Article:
There must be some reason.

The Deputy should let the Minister finish.

It is a reasonable question. He is not answering the question.

Let the Minister finish then the Minister of State will speak. There should be no more interruptions, please.

To reiterate, there was a vacuum or uncertainty in January. I had to move really quickly to provide certainty to the parents in Northern Ireland. I met one of the mothers in Belfast two weeks ago. She said they had been in a very bad place because they did not know whether the student contribution fee of €3,000 was going to be protected.

What will happen in the following two years is a reasonable and fair question. It was asked in the Dáil where I answered the Deputy's question. I will be happy to work with him to ensure we bring that certainty to the matter in the future. In the first week of January I had work to do for September. I did it to bring that certainty to the matter. If the question is whether we have to move on from it, I am happy to do so.

The Horizon 2020 programme is within the remit of the Department of Business, Enterprise and Innovation. Nevertheless, Erasmus+ is an important programme, under which more than 30,000 students are studying in the United Kingdom. Discussions are ongoing on the matter which will not require any legislative change.

On the issue related to the Middletown Centre for Autism which was raised by Deputy Jan O'Sullivan in the context of Brexit, the Department of Education in Northern Ireland is anxious to protect the work of the centre and the service it provides for children on the island of Ireland. I share its determination in that regard.

We will watch that space.

I will wait until Deputy Thomas Byrne returns before I answer his question. The Minister has answered the question about the Middletown Centre for Autism. Deputy Jan O'Sullivan asked what was happening in the longer term.

My question was similar to Deputy Thomas Byrne's.

I can return to his question. We know that there is a lot of uncertainty. My officials in the Department of Education and Skills who are present have been working on the matter for two and a half years. We have been told that the legislation we need to pass relates to the SUSI grant. The rest depends on Brexit and what is decided about the common travel area. There are risks. As has been well publicised, the withdrawal of the United Kingdom from the Erasmus+ programme may lead to the termination of opportunities under the programme for collaboration between schools and other educational institutions in Ireland and the United Kingdom. In particular, it may affect staff and student exchanges. It is also possible that if the United Kingdom leaves the programme, a number of the 30,000 students under it will divert to Ireland and thus create greater challenges for us in the higher education sector. Approximately one month ago the European Commission published a draft amended regulation to enable EU students currently in the United Kingdom and UK students currently in other EU member states to complete their exchange beyond 29 March. I welcome this.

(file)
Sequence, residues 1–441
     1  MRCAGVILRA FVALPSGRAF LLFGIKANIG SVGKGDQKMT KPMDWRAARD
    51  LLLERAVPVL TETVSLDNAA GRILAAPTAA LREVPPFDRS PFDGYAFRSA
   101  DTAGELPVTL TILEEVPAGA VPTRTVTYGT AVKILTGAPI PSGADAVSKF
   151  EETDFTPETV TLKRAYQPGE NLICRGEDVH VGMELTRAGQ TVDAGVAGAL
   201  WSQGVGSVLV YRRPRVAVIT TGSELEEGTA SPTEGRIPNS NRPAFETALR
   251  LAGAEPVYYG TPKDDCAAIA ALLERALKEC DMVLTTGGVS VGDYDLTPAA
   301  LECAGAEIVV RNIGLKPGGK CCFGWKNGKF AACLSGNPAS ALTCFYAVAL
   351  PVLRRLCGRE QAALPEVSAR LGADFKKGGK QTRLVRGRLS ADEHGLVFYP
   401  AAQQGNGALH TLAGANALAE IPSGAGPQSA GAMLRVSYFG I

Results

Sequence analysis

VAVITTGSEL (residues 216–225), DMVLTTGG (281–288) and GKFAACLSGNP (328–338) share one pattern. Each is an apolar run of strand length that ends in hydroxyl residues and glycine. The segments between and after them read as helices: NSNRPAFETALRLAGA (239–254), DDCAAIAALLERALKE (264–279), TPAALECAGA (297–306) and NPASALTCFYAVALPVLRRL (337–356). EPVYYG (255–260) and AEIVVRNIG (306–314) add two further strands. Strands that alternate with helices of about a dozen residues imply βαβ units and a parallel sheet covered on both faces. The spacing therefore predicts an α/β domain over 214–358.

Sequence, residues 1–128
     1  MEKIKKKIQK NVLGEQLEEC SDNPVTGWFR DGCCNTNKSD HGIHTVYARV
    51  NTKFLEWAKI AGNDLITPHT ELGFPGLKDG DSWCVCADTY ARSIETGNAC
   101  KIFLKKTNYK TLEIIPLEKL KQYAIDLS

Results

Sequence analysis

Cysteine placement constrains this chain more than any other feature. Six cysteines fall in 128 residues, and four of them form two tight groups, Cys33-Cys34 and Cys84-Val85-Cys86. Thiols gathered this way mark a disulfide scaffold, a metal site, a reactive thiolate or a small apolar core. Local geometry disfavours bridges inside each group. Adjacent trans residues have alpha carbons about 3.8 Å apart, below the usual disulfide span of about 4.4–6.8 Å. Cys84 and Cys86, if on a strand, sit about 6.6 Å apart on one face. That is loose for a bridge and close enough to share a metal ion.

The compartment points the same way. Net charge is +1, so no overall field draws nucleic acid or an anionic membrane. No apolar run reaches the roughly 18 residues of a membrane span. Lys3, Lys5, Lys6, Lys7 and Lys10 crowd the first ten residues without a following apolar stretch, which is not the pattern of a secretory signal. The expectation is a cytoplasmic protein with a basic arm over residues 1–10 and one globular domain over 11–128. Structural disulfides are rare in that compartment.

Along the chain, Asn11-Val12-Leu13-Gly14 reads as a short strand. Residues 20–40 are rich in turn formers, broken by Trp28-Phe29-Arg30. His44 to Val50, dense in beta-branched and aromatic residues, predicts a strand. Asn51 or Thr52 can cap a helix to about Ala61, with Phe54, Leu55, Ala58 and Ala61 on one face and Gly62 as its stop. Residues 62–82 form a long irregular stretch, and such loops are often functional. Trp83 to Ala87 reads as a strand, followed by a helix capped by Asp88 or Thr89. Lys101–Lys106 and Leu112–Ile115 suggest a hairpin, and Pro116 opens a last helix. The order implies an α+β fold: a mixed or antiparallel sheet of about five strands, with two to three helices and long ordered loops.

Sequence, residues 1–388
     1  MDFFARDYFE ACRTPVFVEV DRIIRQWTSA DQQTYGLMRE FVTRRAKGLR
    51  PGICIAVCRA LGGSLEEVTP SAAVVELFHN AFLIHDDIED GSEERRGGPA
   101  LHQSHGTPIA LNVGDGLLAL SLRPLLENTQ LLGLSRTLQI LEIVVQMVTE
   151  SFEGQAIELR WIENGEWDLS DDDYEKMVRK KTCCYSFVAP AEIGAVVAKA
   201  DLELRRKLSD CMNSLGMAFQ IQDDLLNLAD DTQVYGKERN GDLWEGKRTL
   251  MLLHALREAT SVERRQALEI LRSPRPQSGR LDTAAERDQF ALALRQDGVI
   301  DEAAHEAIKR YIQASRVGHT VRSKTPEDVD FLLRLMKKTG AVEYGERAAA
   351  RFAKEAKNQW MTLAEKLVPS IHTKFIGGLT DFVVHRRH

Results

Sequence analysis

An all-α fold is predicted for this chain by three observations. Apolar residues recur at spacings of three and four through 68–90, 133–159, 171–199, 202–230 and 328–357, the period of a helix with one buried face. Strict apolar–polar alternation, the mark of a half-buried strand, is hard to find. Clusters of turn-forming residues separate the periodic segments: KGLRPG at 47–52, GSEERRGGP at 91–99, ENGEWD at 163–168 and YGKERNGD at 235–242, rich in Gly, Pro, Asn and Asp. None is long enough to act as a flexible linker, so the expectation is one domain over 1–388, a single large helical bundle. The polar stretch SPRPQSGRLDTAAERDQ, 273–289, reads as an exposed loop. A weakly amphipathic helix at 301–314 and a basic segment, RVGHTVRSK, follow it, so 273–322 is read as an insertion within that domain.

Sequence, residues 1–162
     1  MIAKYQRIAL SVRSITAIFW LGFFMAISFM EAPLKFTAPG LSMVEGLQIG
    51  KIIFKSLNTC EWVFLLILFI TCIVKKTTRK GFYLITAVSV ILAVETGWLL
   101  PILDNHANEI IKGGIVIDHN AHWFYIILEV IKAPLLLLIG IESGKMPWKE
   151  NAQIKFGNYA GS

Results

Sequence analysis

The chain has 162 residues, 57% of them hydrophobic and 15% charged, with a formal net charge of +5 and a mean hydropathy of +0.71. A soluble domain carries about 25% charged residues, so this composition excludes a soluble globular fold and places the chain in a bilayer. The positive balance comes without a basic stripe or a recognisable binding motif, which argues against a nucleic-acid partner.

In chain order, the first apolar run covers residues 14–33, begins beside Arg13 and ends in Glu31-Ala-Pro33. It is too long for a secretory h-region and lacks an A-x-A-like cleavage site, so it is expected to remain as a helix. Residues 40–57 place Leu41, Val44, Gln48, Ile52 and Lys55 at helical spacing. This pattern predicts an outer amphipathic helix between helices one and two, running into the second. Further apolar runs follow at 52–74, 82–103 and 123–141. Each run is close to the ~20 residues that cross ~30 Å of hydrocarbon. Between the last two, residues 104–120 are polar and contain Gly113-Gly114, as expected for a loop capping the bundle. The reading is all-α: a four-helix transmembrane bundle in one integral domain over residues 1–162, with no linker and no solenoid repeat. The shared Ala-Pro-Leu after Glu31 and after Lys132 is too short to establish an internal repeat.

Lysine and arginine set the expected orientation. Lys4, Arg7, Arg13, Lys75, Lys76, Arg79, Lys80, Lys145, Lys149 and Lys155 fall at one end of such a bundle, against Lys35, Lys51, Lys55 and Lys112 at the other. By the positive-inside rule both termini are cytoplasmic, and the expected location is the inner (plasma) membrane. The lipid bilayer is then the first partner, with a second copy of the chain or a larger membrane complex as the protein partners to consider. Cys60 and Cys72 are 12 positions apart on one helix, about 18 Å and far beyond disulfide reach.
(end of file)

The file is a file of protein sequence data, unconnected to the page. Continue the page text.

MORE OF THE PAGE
To reply to Deputy Thomas Byrne's question, everything revolves around the endgame and the decisions that will be made, especially on the common travel area. We have begun discussions on what will happen next year. Once a decision has been made on the common travel area, we will be able to address the various contingency plans that need to put in place for the future.

The Department circulated the House of Lords report which seemed to indicate that the British Government was going to underwrite some Erasmus+ programmes.

Yes, up until a certain date.

Will the Minister of State clarify whether Irish programmes will be protected up until the same date and that there will not be programmes funded through Britain but which involve Irish and British students?

My understanding is the programmes will be protected up until that date. Contingency plans are being made in case Brexit happens, although we all hope it does not and that an alternative decision will be made. Departmental officials have been in contact with their counterparts in the United Kingdom to work out what will happen. As of now, as I mentioned, the British Government has stated it will guarantee Erasmus+ programmes up until a certain date.

In that case, there is the same level of uncertainty. After the British Parliament votes on the matter and when we know what it happening, we will need to return to-----

The only matter we have been told to address is that of SUSI grants. Everything else is a matter of EU competency. We must wait to see what will happen in the event that there is a no-deal Brexit.

On the Erasmus+ programme, the British Government seems to be making decisions to protect students. Can the Government not make decisions to protect Irish students?